Last updated more than 5 years ago
Cross-border workers pay their contributions in the country where they work and thus enjoy the same rights as resident workers, with the exception of certain non-exportable benefits. In terms of social security, the legislation of the country of employment is applicable.
At the time of retirement, all contribution periods in a European Union Member State (with the exception of Bulgaria and Romania), the European Economic Area (EEA) (EU countries plus Iceland, Norway and Liechtenstein), or Switzerland, are taken into account and added together to determine entitlement to and the amount of the old-age pension.
Contributors who wish to retire must submit their application for a pension directly to the competent pension fund in their country of residence, which will forward it to the competent bodies in the other countries involved.
Who is concerned
The term 'cross-border worker' refers to a person, whether employed or freelance, working in one State (in the present case, Luxembourg) other than their country of residence (usually Belgium, France, Germany, etc.), to which they return every day in principle, or at least once a week.
Cross-border workers who are seconded by the company that normally employs them or provides services in the territory of the same Member State or another Member State shall retain cross-border worker status for a period not exceeding 4 months, even if during that period they cannot return every day or at least once a week to their place of residence.
The pension awarded by a State is paid only if the applicant meets the conditions for the granting of the pension stated in the legislation of the country of residence, since pensionable age is governed by national regulations. The legal pension age varies from country to country. In the case of a so-called mixed career, where the contributor has contributed to old-age insurance schemes with different age limits, they will receive benefits from each country when they meet the age requirement stated in its legislation.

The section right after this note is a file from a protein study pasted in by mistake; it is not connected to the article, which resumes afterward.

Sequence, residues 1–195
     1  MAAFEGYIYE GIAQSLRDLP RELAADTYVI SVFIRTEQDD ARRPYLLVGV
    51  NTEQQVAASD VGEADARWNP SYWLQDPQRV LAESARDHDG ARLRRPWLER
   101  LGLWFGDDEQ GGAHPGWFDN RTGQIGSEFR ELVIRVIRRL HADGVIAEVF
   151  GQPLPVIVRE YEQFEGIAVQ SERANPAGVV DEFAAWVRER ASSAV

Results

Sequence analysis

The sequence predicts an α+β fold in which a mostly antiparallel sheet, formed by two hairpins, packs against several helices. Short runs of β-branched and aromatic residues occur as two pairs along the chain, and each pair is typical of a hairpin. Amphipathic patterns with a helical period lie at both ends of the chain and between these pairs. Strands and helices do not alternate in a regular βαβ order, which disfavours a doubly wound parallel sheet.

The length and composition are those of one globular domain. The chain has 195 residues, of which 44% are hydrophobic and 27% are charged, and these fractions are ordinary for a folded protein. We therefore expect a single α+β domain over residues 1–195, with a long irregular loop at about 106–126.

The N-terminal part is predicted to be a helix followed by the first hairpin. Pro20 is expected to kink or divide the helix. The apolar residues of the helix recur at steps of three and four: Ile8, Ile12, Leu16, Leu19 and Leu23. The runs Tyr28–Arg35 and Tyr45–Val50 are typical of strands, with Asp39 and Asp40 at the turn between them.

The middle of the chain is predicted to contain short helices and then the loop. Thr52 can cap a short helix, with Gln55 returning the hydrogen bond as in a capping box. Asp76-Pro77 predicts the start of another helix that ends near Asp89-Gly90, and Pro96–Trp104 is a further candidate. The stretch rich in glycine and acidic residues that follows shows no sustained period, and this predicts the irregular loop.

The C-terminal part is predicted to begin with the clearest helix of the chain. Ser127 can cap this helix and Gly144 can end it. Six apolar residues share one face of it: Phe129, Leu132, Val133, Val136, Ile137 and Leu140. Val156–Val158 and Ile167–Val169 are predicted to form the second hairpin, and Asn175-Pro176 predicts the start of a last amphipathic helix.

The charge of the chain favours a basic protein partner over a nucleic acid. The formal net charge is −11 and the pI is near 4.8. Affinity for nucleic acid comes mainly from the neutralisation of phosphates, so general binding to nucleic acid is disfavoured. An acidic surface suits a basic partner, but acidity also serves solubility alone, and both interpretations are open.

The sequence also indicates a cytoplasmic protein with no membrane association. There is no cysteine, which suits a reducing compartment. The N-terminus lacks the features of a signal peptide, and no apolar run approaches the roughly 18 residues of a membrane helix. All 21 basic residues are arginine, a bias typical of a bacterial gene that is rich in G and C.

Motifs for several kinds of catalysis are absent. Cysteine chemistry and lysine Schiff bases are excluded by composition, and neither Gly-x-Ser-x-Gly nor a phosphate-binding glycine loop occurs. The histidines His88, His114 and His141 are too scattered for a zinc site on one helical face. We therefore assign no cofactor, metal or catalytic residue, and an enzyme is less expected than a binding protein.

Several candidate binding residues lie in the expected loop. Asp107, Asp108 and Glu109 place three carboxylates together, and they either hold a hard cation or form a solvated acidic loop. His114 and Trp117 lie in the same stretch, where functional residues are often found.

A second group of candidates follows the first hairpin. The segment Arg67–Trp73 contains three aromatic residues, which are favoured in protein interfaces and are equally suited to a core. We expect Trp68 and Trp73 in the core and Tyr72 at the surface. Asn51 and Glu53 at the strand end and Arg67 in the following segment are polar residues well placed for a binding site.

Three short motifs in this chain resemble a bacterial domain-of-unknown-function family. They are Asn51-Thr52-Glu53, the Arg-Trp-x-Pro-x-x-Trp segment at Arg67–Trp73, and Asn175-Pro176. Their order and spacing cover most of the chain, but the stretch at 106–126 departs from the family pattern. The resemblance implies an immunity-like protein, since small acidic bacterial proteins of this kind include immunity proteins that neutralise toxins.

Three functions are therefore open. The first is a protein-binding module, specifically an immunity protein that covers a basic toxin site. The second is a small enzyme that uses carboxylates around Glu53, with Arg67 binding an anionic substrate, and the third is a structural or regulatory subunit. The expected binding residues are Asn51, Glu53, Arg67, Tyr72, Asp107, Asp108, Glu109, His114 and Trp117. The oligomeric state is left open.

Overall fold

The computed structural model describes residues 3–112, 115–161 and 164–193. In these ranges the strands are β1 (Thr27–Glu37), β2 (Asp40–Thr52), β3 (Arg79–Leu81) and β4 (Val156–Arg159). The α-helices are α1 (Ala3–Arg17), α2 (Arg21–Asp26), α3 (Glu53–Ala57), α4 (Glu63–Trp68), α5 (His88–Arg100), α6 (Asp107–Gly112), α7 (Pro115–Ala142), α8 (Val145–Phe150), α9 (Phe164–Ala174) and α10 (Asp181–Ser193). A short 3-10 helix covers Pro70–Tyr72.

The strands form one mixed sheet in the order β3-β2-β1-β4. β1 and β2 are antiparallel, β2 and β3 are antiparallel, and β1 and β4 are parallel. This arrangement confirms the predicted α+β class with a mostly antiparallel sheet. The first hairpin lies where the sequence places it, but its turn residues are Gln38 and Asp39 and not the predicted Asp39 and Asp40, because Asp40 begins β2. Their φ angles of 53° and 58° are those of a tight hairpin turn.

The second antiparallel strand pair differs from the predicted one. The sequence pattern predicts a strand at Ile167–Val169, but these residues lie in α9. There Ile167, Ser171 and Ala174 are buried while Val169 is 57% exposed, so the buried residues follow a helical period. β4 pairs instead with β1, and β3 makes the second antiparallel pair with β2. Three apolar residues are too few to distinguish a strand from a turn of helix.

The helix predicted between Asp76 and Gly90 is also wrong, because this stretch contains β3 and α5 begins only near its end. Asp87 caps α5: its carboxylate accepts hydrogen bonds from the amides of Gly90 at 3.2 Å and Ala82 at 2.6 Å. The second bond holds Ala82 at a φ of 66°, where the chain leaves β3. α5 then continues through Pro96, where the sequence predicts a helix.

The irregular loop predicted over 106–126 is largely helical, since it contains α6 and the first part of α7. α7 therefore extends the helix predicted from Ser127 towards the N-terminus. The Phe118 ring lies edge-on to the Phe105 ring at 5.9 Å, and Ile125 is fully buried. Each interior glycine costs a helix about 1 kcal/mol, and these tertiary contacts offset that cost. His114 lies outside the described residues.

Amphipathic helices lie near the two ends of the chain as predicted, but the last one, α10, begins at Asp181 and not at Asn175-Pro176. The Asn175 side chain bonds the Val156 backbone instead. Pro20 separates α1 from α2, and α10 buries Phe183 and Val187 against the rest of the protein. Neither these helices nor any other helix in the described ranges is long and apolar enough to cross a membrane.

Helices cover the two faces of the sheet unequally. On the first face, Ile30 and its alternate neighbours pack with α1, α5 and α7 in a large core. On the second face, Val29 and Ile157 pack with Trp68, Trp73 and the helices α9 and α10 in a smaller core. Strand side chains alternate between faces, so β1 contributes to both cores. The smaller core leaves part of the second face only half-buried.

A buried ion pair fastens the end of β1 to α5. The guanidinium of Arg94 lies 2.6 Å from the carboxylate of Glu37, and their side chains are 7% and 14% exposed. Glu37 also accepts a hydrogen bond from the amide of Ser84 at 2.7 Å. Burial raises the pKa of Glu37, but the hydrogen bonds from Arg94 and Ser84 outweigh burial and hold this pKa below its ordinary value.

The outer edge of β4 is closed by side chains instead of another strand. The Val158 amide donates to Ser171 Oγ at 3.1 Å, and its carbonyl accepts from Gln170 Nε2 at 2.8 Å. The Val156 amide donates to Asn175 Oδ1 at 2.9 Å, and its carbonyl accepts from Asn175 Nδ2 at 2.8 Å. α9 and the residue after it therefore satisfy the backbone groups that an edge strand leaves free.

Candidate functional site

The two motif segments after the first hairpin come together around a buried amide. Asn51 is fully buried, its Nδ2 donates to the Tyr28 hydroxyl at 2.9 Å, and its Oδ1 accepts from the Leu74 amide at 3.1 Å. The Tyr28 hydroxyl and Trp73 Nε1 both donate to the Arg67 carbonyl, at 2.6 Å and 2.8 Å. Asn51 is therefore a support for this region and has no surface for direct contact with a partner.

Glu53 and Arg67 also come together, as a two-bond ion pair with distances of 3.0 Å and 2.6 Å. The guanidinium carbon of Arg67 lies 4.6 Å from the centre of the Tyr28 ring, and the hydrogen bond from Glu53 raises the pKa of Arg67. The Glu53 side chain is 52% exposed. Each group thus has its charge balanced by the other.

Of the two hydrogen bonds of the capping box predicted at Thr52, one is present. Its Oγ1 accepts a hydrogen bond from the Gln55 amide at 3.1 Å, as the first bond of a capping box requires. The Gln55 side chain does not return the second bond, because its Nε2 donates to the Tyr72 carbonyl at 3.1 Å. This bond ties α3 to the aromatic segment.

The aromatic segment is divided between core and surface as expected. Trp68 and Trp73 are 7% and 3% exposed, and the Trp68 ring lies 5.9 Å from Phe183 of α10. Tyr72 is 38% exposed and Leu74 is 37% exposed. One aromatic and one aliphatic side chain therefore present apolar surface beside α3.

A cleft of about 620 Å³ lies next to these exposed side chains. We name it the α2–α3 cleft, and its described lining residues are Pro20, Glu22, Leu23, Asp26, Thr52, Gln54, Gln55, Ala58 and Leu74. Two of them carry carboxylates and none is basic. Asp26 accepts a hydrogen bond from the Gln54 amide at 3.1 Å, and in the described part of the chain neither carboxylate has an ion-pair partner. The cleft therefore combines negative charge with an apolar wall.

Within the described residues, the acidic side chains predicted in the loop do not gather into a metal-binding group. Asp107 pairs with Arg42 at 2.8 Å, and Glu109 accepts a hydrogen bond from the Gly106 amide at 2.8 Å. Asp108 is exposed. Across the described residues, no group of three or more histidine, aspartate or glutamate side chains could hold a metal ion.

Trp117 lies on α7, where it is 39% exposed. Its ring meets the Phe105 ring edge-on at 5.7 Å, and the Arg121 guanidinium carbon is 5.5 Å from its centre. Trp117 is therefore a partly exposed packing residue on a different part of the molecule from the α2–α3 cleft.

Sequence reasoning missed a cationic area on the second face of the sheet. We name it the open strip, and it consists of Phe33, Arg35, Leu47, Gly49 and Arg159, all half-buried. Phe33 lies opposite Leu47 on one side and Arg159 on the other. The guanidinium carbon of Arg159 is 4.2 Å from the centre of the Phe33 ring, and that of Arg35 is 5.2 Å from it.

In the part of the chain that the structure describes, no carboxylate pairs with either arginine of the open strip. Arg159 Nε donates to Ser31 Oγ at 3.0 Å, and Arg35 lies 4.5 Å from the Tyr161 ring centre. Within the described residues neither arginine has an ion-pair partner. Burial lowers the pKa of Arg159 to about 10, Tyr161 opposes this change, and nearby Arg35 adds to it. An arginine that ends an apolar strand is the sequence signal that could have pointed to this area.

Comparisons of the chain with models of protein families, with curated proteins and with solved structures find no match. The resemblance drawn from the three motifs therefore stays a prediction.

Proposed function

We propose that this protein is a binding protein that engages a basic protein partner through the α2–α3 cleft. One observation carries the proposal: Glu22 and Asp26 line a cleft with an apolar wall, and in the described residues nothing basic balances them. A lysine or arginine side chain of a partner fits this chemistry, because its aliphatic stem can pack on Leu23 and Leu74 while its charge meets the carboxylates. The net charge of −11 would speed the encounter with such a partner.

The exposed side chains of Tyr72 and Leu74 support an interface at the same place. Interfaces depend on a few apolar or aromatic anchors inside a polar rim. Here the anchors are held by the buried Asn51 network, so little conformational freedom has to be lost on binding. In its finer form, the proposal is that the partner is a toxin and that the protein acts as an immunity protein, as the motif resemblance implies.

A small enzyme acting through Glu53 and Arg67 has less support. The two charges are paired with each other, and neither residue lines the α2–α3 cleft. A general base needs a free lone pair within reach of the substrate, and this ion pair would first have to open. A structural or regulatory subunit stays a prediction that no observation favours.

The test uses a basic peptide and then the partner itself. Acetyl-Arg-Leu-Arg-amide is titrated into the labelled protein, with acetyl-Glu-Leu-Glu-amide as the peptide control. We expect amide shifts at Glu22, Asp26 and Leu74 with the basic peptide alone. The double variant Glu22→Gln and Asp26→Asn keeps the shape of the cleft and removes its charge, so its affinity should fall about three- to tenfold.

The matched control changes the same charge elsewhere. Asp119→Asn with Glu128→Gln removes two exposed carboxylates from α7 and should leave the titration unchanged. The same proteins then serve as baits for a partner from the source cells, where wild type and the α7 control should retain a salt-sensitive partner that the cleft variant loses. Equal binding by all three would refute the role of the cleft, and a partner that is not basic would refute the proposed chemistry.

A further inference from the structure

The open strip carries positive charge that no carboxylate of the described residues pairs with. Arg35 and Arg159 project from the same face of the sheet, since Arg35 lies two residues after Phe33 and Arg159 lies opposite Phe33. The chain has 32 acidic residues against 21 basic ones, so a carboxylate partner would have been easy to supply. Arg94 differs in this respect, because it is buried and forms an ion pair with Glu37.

To qualify for part of the pension paid by a Luxembourg social security institution, Belgian, French and German residents must have worked for at least one year in Luxembourg. If the period is less than one year, the months of paying contributions in Luxembourg will be taken into account by the country of residence but will not result in payment from the Luxembourg fund.
How to proceed
Submitting the application
In principle, social security benefits are only granted upon formal application by the interested party. Cross-border workers are obliged to submit their application to the competent body in their country of residence and observe the legal requirements of that country. If necessary, that body will forward the forms to the competent bodies of the other countries concerned (contributors must specify, though, that they have also paid contributions in another country).
Mr X lived in Country A and worked in neighbouring Country B as a cross-border worker. He paid pension contributions in Country B. There are several possible scenarios:
- If he lives in Country A at the time he wishes to apply for his old-age pension, he must send his application to the agency of Country A;
- If he resides in Country B, he will apply to the agency of Country B where he paid his pension contributions;
- If he lives in another country (that is, neither A nor B), he must submit his application to the pension authority of Country B, where he was last registered. Country B will forward his application to the other relevant bodies.
To avoid unnecessary delays, it is important to file the application for the old-age pension with the competent organisation well before the date of eligibility. In Belgium, for example, the application must be submitted one year before the eligibility date.